Ahead of the start of the ban on the import of Russian oil into the EU on December 5, the OPEC+ countries have to make important decisions for the oil market when they meet the previous day. They will take account of the European embargo, but also the drop in demand in China, the largest importer, which is a consequence of protests due to restrictions in the fight against COVID-19.
Oil prices slumped on Monday as street protests against strict COVID-19 curbs in China, the world's biggest crude importer, stoked concern about the outlook for fuel demand. Brent crude dropped $2.43, or 2.9%, to trade at $81.20 a barrel at 0731 GMT, after diving more than 3% to $80.61 earlier in the session; its lowest since 4 January.
The European Union is expected to ban most crude imports from Russia on December 5.In tandem, the US, the EU and some of their allies are due to ban shipping, trading, insuring and funding Russian crude anywhere in the world unless the price is at or below a cap. From 5 February, the same sanctions will hit Russian refined products: a move that traders say poses a bigger threat to Moscow’s oil industry and a greater challenge for Europe.
Russia will struggle to divert all the oil the EU bans
Michael Haigh, head of commodities research at Société Générale, expects that Russia will struggle to divert all the oil the EU bans, leading to a drop in daily production of 1.5 million barrels in 2023. That will contribute to a jump in global oil prices next year if Chinese demand bounces back, he added for The Wall Street Journal (WSJ).
Russia has said it would refuse to abide by the cap, and its response is another wild card.
“We are proceeding for the time being from the position of President Putin that we will not supply oil and gas to those states that introduce and join the cap”, Kremlin spokesman Dmitry Peskov said Thursday. But he left some room for manoeuvre, adding that Moscow would formulate a position after analysing the situation.
Group of Seven (G7) and European Union diplomats have been discussing a price cap on Russian oil of between $65 and $70 a barrel, with the aim of limiting revenue to fund Moscow's military offensive in Ukraine without disrupting global oil markets..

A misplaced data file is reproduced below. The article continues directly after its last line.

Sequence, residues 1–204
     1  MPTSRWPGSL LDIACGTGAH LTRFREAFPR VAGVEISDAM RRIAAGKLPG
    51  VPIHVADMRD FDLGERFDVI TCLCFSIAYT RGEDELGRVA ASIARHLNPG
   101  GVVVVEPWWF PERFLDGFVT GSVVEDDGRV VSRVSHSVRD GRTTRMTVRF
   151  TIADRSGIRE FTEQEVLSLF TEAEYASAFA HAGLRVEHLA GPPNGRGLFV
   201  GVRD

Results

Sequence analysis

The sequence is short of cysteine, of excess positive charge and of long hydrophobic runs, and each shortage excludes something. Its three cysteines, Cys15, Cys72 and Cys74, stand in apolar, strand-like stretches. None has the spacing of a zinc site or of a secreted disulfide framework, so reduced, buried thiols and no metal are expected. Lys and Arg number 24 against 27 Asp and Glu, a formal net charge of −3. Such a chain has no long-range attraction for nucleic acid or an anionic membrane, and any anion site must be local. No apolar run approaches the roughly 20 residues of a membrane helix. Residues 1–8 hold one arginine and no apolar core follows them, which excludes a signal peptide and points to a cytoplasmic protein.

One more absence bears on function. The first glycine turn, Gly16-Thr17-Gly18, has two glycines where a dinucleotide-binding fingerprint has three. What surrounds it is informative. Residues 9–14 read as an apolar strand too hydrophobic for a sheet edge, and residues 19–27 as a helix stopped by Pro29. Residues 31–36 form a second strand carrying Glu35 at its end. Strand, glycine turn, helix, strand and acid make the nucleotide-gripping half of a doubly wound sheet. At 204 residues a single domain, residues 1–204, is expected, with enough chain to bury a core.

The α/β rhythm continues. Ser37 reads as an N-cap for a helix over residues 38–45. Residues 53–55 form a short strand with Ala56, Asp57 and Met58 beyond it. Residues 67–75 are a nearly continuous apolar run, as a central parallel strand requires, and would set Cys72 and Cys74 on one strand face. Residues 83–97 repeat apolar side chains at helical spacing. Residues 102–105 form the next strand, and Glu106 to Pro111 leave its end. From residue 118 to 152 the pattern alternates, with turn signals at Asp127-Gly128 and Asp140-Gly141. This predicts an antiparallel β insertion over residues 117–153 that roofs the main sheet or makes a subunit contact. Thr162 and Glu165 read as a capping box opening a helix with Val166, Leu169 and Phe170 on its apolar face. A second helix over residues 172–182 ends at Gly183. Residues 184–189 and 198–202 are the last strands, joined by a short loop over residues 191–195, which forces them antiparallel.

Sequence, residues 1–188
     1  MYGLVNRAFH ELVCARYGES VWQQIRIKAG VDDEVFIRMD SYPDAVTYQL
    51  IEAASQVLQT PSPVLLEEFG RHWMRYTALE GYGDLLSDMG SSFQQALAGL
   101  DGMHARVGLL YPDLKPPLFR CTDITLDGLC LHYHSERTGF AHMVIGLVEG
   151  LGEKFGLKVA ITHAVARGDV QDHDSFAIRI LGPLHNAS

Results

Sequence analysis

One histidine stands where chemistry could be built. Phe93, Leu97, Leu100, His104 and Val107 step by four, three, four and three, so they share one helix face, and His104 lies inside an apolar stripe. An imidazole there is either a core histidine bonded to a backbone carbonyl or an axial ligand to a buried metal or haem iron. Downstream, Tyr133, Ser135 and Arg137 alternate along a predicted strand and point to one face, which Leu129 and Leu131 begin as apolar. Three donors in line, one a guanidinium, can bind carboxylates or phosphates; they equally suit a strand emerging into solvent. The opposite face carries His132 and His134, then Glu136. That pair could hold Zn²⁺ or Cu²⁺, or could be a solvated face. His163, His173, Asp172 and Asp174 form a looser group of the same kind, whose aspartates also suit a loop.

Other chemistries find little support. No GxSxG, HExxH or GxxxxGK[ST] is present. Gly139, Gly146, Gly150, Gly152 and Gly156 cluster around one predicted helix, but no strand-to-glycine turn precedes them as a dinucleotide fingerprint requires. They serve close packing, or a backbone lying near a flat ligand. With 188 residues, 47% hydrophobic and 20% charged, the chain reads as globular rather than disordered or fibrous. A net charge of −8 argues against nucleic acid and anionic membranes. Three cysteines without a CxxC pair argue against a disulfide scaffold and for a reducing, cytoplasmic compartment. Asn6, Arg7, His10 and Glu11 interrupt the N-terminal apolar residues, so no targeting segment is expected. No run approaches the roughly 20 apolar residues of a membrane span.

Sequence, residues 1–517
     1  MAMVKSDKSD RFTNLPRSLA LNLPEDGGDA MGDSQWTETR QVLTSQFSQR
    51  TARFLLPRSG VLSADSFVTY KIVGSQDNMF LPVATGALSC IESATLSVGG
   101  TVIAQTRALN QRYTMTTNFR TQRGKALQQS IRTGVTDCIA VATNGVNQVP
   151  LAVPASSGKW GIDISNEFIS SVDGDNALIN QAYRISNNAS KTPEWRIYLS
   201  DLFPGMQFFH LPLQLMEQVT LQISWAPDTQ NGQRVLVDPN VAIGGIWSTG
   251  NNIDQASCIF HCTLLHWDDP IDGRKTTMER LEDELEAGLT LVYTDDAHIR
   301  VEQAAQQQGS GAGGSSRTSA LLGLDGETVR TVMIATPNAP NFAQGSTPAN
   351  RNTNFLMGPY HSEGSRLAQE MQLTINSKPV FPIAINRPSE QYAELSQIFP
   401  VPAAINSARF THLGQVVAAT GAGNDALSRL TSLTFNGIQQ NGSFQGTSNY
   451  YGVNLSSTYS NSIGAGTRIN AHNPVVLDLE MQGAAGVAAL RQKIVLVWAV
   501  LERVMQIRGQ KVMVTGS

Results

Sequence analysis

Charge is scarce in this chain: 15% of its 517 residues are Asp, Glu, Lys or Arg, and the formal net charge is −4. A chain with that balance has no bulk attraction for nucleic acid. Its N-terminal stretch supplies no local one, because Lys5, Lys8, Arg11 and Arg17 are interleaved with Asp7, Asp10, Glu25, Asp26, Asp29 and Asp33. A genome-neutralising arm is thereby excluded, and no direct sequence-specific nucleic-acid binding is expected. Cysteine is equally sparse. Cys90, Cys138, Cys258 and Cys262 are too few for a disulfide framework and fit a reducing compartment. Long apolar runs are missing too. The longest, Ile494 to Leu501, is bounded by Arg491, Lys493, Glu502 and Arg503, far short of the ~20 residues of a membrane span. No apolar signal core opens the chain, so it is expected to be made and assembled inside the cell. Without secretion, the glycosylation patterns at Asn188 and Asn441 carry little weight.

If the cap is set at a low level, the chances of Russia retaliating in the form of output cuts increase. That could even boost Russian revenue by raising prices. But if the cap is high, it could fail to curb Moscow’s oil revenue.
According to the WSJ, analysts have said the $65-to-$70-a-barrel range under discussion at the EU risked being toothless, because it is above what Russia’s mainstay Urals grade of crude is trading.
“If the price cap is $65, it will have no effect at all on the Russian budget,” said Mikhail Krutikhin, partner at consulting firm RusEnergy.
US officials are happy for Moscow to sell to non-sanctioning nations above the cap
The US Treasury Department, which led efforts to create the cap, has said the West might lower the level over time. US officials say they are happy for Moscow to sell to non-sanctioning nations above the cap, arguing that refiners in those countries will gain bargaining power over Russia because of Western sanctions.
Even so, uncertainty over the level of the cap and how Russia will respond has rattled traders and contributed to the recent volatility. It has also started to hinder Russia’s ability to find buyers.
Analysts at the data company said weakening demand for oil in general, combined with shipping and insurance complications ahead of the sanctions, pushed Russia to lower prices to attract Asian buyers. Moscow is also competing with rising shipments of sanctioned Iranian oil for business with independent Chinese refiners, said Kpler analyst Homayoun Falakshahi.